Meet Osamu Tomita, king of the broth.
Meet Osamu Tomita, king of the broth. Ramen Heads

People will wake up at 4:30 a.m. to stand in line for hours just to get a bowl of ramen at Osamu Tomita's tiny, 11-seater joint in Matsudo, Chiba.

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Koki Shigeno's documentary, Ramen Heads, portrays Tomita as Japan's reigning lord of noodle soup, a four-time Best Ramen Chef champion, and a mentor to younger cooks. Shigeno wants us to see this traditionally working class lunch the way Tomita sees it: As an art. As a way of living. As a way of paying attention. It's all about balance! Timing! Pig skulls in big pots! And healing people. In the words of one septuagenarian ramen chef quoted in the film: "It's like being a doctor. If you heal the patient, they like you. If you don't, they consider you a quack."

Miso ramen at Ichifuku or GTFO.
Miso ramen at Ichifuku or GTFO. Ramen Heads

To drive this point home, Shigeno really turns up the romance on the soup visuals. Lots of close-ups of rich broths pouring from huge ladles as violin music plays. Lots of shots of chefs very carefully laying silken strands of noodles into steaming bowls. People bring the bowl to their lips and close their eyes as if in prayer, and you begin to believe in things like Peace and Wholeness and Home again.

The visual meditations on the food satisfy on a primal level, and it's fascinating to learn about the ways different chefs make different kinds of ramen. There are so many types! And so many different philosophical approaches to forming each element of the dish.

Tomita, for instance, uses four different flours to make his unorthodox noodles (they're thicker and longer than average), and he carefully concocts his hearty broth from a mixture of other broths from days prior. Some use only red snapper skeletons for their broth, while others use a laundry list of dried fish and vegetables. Everyone has strong opinions about when the noodles must be removed from the boiling water, and everyone's pretty open about what they believe. None of the chefs—Tomita included—are shy about showing you their secret ingredient, because the real secret ingredient is unwavering dedication to noodle soup mastery, and only so many people really have that.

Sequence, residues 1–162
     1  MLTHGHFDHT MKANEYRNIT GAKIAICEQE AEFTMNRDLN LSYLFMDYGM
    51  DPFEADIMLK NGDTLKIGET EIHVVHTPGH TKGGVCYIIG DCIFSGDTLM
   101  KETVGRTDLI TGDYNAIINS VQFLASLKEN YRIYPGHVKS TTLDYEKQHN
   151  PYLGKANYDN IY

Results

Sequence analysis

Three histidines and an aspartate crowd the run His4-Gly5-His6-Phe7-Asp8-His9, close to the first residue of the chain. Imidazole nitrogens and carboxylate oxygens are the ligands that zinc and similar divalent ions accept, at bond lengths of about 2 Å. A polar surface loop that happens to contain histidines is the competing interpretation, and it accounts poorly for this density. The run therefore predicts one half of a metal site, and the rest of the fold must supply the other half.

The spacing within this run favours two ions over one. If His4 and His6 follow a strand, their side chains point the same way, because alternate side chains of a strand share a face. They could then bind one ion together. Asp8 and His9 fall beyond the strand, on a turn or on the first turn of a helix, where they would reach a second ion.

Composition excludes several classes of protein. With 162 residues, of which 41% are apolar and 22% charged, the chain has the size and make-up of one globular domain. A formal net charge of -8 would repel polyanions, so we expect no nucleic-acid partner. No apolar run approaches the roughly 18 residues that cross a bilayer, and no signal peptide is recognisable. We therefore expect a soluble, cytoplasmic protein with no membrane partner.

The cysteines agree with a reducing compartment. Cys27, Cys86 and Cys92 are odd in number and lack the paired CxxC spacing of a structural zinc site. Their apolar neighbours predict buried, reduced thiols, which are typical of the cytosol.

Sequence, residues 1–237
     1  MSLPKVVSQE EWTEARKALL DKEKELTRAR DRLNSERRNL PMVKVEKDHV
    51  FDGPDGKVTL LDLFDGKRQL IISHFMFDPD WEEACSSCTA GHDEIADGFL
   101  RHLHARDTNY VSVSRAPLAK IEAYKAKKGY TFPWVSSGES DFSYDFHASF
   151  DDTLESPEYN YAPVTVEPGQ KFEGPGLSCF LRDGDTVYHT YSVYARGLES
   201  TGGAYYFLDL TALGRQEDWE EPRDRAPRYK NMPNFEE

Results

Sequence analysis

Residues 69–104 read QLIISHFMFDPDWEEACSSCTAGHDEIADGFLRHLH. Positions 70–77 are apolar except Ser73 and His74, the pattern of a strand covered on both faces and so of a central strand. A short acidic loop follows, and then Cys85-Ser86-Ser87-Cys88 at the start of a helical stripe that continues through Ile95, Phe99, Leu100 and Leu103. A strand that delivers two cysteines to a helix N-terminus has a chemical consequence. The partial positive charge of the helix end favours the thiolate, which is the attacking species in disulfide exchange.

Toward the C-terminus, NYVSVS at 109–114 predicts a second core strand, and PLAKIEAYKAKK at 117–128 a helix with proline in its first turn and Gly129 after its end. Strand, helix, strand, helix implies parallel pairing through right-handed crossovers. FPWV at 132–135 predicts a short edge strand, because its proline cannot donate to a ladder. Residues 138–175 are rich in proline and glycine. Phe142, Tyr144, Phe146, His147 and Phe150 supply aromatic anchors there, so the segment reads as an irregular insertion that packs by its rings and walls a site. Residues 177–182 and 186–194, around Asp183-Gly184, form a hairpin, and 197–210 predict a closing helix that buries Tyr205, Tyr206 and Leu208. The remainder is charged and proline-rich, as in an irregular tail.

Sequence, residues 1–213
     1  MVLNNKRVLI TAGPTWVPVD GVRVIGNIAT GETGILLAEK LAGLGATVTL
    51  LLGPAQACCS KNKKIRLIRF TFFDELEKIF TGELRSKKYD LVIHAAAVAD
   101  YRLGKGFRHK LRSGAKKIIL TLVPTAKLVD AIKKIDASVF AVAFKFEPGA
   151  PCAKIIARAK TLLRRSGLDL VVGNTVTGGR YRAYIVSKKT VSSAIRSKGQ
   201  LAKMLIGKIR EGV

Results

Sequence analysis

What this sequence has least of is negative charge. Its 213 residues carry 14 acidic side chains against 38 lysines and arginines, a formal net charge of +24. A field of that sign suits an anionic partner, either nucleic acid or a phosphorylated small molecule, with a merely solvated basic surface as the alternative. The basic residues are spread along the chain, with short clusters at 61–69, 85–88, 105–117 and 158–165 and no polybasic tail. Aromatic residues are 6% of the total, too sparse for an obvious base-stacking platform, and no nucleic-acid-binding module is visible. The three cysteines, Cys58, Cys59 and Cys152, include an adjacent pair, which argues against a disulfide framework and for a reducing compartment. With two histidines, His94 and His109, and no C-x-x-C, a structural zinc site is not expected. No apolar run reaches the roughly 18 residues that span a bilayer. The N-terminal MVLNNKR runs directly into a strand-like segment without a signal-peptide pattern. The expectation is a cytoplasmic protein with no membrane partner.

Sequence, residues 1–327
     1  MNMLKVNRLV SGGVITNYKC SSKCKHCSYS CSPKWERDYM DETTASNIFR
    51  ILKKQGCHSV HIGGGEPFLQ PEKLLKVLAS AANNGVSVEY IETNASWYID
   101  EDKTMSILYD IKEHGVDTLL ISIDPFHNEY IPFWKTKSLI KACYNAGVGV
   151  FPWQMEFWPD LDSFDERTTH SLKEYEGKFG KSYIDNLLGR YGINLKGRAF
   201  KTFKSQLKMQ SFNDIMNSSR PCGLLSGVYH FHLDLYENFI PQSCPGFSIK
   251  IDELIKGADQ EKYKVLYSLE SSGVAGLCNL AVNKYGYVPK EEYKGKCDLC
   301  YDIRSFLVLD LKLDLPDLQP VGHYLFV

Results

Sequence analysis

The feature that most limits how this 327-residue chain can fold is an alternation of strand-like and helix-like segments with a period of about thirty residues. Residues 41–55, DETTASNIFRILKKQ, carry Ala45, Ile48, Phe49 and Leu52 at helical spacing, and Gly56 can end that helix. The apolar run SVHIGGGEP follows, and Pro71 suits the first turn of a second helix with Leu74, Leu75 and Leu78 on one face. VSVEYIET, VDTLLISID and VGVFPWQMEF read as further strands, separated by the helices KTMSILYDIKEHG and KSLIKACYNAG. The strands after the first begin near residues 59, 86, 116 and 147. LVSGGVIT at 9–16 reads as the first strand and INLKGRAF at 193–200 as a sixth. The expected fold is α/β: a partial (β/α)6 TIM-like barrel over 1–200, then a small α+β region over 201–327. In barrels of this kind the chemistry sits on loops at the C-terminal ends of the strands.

For those whose understanding of ramen begins and ends with the flavor packet variety common in grocery stores, this documentary provides a serviceable introduction to a hundred-year-old dish that is still being constantly re-imagined by new generations of chefs.

However, as a character and a vessel for storytelling, Tomita doesn't really hold much interest. He's an exacting chef and a taskmaster who runs an extremely successful restaurant. That's about it.

By the end, I was still left wondering about a few unaddressed (or under-addressed) cultural aspects of ramen-headedness that seemed rich for exploration. A vast majority of the people—if not all—lining up at odd hours for this soup appeared to be men. There are women in the film. One, introduced by her restaurant, Ichifuku, is briefly profiled as the chef at whose miso ramen tastes the most like the one mom used to make. But the phenomenon of the "ramen head"—both in the kitchen and at the lunch counter—appears to be a lonely Japanese dude thing.

Also, the consumer culture surrounding the soup sounded intense and almost scholarly, and I wanted to learn more about it. Things like ramen magazines, authoritative online ramen databases, and ramen twitter are mentioned in passing, as if they're just part of everyone's day-to-day. But I understand if the filmmakers assumed this to be the case. It is a really good soup.

Ramen Heads opens tonight at SIFF.